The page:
Libraries at University of Nebraska-Lincoln



Background and Aim: The number of medical institutions is growing along with the development of the healthcare sector in the Pakistan. Similarly, the library and information science (LIS) professionals are rendering their valuable services in the teaching/learning process, research support and patient care in these institutions/organizations. The purpose of this study is to assess the publications’ output in the area of medical librarianship in Pakistan.

Research Methodology: The documents written by Pakistani LIS authors on medical librarianship were extracted from various print and online sources. The data covered the period from 1960 to 2020, because the first document on medical librarianship was published 1960. Unpublished theses were not included and the data of retrieved documents has been added as an appendix of this paper. The periodic growth, authorship pattern, productive authors and preferred sources of publications were evaluated in the data analysis.

Results: A total of 165 documents contributed by 356 authors (including multiple counts) with an average of 2.15 authors per document were found. The ratio of the single-author pattern was high in the documents published before 2000 but after that, 86% of the documents was the result of research collaboration. Midrar Ullah emerged as the most productive author with 22 documents, followed by Rubina Bhatti and Salman Bin Naeem. All the retrieved documents were published in 57 sources, and the highest number of documents were published in the Pakistan Library and Information Science Journal followed by Library Philosophy and Practice (e-journal).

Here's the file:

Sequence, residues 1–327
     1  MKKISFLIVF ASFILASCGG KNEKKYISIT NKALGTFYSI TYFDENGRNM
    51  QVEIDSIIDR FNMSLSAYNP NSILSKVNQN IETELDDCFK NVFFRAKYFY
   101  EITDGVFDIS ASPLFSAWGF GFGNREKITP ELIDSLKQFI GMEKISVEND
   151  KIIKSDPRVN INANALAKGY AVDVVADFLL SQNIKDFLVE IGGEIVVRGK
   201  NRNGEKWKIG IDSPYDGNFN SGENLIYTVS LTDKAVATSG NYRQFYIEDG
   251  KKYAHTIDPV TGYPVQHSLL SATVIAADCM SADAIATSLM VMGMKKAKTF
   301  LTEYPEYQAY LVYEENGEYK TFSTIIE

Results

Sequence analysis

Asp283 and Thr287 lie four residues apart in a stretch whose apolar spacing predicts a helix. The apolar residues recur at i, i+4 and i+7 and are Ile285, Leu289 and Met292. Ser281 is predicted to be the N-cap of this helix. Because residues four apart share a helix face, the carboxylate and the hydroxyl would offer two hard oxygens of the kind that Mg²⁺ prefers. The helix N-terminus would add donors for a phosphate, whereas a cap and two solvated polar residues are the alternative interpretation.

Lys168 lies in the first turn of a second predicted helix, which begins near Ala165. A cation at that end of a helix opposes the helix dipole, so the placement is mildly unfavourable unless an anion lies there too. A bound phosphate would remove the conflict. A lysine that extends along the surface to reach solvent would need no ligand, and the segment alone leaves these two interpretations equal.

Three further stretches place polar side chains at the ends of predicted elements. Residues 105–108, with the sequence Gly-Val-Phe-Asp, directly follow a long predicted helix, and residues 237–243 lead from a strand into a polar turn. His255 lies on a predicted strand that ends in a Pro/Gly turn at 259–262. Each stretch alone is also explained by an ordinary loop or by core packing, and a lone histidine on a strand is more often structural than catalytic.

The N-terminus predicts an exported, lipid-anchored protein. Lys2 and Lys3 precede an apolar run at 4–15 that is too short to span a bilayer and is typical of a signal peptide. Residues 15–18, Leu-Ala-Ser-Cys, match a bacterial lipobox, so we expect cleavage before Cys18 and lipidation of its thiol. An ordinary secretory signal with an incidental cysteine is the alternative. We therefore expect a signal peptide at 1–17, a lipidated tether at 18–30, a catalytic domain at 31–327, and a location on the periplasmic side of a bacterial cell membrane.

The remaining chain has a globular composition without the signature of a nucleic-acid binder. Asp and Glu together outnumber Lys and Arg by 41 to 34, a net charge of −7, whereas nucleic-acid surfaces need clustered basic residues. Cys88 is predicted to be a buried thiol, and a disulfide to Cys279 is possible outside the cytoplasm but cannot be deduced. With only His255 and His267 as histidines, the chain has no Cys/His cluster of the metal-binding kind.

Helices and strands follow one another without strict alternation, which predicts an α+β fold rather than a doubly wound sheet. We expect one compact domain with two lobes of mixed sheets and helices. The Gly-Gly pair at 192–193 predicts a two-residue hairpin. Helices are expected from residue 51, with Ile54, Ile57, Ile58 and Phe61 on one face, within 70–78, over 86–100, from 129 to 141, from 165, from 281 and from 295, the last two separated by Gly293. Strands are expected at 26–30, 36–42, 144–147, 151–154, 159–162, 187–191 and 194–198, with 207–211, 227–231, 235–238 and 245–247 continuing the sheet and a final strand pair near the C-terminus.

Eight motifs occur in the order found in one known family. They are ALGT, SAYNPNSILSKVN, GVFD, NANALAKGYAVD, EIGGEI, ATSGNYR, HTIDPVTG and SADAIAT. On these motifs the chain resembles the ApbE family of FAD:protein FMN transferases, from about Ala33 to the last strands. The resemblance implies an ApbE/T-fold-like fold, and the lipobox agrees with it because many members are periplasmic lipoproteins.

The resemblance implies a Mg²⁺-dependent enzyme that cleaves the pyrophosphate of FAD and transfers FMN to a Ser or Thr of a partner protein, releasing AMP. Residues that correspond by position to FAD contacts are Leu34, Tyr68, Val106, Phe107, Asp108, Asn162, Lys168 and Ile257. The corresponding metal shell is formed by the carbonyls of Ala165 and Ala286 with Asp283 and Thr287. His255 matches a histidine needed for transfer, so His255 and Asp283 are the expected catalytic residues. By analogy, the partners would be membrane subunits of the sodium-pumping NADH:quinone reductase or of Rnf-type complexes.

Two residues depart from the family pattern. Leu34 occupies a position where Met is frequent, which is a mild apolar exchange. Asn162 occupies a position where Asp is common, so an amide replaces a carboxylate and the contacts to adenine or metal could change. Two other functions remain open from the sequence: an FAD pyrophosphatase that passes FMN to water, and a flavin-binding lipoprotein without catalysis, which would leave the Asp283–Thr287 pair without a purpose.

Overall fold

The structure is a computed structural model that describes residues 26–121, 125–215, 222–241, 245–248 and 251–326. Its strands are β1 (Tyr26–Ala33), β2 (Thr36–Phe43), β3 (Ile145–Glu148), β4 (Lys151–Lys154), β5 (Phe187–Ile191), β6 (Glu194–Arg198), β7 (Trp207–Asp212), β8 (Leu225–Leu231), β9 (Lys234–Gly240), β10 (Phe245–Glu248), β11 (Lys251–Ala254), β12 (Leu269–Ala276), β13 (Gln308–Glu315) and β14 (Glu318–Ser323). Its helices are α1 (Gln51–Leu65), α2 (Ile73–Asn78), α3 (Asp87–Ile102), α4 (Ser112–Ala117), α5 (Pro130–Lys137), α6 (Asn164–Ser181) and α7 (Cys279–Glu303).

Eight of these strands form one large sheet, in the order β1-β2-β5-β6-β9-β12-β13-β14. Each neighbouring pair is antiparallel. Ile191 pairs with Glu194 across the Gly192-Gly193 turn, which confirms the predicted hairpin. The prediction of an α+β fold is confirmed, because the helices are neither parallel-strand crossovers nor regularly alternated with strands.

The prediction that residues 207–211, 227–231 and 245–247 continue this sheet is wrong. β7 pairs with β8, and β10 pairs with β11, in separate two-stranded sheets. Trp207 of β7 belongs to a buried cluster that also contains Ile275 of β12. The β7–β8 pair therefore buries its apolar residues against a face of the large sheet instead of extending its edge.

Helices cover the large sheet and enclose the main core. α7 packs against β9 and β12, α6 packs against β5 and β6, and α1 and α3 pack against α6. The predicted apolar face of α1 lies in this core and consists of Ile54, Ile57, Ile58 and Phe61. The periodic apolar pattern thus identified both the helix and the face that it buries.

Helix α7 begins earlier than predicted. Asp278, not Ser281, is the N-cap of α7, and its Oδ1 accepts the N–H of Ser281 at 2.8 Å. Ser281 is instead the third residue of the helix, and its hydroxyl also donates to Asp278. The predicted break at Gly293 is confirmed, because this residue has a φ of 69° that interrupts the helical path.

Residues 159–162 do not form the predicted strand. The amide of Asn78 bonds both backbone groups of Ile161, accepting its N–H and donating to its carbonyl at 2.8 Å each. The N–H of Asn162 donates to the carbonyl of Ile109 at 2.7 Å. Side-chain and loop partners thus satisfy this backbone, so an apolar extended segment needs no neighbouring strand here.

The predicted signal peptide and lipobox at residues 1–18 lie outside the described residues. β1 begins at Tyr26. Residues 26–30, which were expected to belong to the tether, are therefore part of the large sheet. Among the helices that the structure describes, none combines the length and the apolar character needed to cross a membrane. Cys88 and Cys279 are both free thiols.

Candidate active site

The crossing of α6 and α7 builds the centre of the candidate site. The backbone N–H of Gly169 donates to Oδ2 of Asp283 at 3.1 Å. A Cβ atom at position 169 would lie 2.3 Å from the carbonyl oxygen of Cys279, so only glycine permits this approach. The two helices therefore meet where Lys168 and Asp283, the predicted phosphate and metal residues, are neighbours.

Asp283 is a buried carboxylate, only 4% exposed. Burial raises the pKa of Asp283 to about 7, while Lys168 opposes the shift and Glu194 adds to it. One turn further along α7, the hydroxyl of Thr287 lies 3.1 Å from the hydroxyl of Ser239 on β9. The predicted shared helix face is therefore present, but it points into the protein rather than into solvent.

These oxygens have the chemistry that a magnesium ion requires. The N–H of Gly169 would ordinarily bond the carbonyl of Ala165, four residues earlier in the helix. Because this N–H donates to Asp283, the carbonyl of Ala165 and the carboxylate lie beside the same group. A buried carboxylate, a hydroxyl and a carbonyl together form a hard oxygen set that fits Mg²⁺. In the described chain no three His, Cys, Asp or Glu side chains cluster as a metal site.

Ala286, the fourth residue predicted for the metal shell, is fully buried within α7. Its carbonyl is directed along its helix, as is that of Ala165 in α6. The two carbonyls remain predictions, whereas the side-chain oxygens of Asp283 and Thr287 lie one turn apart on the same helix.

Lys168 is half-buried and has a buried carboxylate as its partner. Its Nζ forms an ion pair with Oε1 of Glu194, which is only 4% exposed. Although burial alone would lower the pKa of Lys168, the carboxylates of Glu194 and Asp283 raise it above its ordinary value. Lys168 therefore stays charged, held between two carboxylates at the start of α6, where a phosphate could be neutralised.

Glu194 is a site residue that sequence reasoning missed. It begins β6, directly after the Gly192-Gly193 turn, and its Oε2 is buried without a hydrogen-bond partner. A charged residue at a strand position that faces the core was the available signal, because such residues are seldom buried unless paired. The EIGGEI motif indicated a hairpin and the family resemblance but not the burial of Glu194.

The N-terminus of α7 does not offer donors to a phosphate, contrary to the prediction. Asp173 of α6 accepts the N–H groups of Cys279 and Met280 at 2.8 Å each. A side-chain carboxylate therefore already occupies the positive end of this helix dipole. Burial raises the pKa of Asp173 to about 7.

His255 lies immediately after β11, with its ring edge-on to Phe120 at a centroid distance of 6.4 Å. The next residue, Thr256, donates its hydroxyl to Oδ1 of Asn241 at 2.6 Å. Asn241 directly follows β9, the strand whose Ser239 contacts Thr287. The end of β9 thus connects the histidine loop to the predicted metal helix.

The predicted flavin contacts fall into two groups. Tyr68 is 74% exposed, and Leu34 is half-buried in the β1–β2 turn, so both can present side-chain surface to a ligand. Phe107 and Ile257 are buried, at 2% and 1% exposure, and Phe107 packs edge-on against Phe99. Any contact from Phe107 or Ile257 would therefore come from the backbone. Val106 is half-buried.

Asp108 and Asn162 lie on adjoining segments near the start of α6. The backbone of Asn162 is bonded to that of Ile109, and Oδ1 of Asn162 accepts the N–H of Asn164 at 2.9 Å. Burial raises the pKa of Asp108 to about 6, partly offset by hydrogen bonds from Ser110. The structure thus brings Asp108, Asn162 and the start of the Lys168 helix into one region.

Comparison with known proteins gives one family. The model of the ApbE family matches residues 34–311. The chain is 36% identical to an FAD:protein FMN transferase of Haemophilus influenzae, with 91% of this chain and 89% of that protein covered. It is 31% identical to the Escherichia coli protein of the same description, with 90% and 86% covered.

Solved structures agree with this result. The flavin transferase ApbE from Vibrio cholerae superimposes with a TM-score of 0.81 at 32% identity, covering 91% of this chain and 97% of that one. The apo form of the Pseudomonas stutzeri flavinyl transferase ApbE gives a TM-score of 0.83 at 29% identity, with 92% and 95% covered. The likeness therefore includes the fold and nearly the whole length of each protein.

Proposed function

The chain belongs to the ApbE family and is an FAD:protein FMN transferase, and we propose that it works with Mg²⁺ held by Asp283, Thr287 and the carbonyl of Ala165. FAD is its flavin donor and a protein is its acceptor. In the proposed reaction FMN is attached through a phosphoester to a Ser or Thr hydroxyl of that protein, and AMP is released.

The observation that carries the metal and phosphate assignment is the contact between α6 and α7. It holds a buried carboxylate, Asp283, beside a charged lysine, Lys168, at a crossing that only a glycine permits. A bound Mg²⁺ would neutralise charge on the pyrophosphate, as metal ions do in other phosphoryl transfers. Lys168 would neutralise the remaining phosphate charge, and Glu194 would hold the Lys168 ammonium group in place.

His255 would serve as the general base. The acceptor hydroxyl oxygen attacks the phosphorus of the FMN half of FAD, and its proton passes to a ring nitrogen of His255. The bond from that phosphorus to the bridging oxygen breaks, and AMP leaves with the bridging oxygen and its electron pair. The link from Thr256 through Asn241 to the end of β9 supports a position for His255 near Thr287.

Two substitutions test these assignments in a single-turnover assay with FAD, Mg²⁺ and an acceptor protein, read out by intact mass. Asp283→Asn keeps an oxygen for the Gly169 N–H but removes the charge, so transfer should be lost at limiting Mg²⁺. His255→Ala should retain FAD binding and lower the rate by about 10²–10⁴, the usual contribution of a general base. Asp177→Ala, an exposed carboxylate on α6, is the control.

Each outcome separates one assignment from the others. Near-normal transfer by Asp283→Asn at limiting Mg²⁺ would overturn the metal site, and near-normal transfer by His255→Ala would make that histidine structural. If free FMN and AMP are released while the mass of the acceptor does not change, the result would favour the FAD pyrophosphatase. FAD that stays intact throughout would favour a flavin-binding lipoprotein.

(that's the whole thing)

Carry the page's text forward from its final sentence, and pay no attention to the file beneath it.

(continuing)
Significance of the Study: This is study significant and it will enhance the new information in the area of medical librarianship in the Pakistani context and is equally useful to LIS professionals, serving in other libraries. The appendix of the study will be served as reference tool and the findings will support the authorities of medical universities, medical librarians/researchers and the faculty of LIS departments to understand the status of medical librarianship in Pakistan.

Conclusion: Medical libraries are responsible to develop the systems and services to meet the knowledge-based information required by the users and parent organization. These libraries play a crucial role in the practice of health care delivery, education and research. The continues research in medical librarianship support to improving the library organisms and facilities. Pakistani LIS authors contributed ample research, especially during the last two decades. The shift from single-author to collaborative research and from opinion-based paper to empirical research was explicit. There is a need to activate the medical library association, establish national library of medicine and conduct more research on diverse aspects of medical librarianship.